Stimulus 2: Can more spending spur a recovery?
Many economists agree another stimulus package is necessary. Some are skeptical about its benefits.
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In contrast, economic advisers to Speaker Pelosi see considerable merits in a rescue package. Last week, she had a conference call with such prominent figures as former Treasury Secretary Lawrence Summers and Columbia University economist Joseph Stiglitz, among others. The conference callers hold that a recovery package will lessen the length and severity of the recession, Pelosi stated. "If we don't, the recovery will only get worse."Skip to next paragraph
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Members of the House, new and old, are scheduled to return to Washington Nov. 17 for party leadership meetings. There could be a lame-duck session of Congress to consider a rescue package if there is a possibility of agreement between the two parties and President Bush on details of a package. A small stimulus package passed by the House in September was blocked by Republicans in the Senate, says Pelosi's office.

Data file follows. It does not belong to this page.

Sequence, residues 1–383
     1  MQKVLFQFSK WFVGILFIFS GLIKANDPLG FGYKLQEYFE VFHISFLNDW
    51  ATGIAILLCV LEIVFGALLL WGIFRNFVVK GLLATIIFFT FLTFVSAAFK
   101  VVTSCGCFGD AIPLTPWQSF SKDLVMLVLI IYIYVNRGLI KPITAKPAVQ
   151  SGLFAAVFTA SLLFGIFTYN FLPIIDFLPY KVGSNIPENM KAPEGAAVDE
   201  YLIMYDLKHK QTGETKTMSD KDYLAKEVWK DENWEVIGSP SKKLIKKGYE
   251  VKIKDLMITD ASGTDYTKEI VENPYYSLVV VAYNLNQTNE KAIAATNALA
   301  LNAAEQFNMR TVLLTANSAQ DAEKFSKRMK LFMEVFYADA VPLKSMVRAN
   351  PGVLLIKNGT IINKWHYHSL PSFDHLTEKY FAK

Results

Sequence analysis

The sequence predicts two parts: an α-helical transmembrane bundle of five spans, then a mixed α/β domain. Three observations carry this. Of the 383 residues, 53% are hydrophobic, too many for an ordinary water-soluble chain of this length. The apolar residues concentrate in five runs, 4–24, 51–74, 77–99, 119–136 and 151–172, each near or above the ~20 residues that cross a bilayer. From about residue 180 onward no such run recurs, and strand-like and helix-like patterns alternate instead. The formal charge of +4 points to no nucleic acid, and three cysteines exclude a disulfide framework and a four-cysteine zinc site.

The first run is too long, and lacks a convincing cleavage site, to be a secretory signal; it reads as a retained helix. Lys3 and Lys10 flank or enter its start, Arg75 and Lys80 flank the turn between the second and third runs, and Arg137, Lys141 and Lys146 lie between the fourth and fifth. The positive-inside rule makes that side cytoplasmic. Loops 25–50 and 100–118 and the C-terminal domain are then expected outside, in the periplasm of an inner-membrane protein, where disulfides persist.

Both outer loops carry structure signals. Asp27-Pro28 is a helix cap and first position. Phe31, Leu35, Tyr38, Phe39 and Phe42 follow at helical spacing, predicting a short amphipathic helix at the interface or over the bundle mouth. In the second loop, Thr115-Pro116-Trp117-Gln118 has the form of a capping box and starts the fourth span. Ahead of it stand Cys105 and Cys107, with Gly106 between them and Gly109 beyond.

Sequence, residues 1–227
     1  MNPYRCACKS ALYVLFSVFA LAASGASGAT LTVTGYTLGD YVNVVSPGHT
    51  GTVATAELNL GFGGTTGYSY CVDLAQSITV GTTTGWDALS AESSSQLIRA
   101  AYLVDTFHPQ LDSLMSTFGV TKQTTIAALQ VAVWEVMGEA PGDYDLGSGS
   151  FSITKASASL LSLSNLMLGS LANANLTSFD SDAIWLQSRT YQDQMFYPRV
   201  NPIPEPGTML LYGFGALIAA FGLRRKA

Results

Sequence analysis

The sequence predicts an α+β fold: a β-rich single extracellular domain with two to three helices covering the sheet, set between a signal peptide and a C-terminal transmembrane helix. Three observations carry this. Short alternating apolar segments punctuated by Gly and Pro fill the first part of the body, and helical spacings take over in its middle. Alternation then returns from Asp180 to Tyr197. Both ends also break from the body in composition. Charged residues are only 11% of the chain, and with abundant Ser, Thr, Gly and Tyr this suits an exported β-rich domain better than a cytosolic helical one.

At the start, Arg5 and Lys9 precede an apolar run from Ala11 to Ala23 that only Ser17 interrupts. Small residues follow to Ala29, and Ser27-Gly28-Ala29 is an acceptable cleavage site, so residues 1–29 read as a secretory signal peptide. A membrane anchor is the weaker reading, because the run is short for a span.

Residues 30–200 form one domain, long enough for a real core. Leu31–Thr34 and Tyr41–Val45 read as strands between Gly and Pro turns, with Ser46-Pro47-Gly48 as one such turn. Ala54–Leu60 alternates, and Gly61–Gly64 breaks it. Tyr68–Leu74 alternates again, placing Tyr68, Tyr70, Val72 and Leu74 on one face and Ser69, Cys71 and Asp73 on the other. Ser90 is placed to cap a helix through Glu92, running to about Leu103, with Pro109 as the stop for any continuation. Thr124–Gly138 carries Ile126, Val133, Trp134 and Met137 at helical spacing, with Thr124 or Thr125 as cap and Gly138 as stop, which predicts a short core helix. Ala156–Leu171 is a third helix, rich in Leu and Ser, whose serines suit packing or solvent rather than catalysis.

Already, the Bush Administration and the Fed have taken a host of measures to restore liquidity to the financial system, with some modest success. But the trust essential to a smoothly working financial system has been weakened. Fearful banks have been hoarding cash in their reserves and remain reluctant to expand lending by much.
Reflecting this factor, one measure of the nation's money supply (M2) has grown at an annual rate of 11.75 percent in the 13 weeks to Oct. 13. That's "extraordinary," says Paul Kasriel, an economist at Northern Trust Co., Chicago. It's "very similar to dropping money from a helicopter" to a crowd below. Eventually, some cash will be spent. Yet Mr. Kasriel suspects it will "take a long time" to get the economy moving again.
Many measures are needed to limit damage from the recession, says James Galbraith, a liberal economist at the University of Texas, Austin. His list includes extension of unemployment benefits, raising Social Security pensions to partially offset losses in the investment accounts of senior citizens, a major program to help homeowners facing foreclosure, lower interest rates (done last week by the Fed), and federal financial relief to states and localities.
Finally, he advocates more federal spending on infrastructure – highways, bridges, etc. That's a popular idea on both left and right. Hoisington suggests even subsidizing nuclear power plants – a idea that's not politically correct, he admits.
Federal spending rather than tax cuts is the best way to get the most "bang for the buck," argue the Goldman economists. And "do it fast."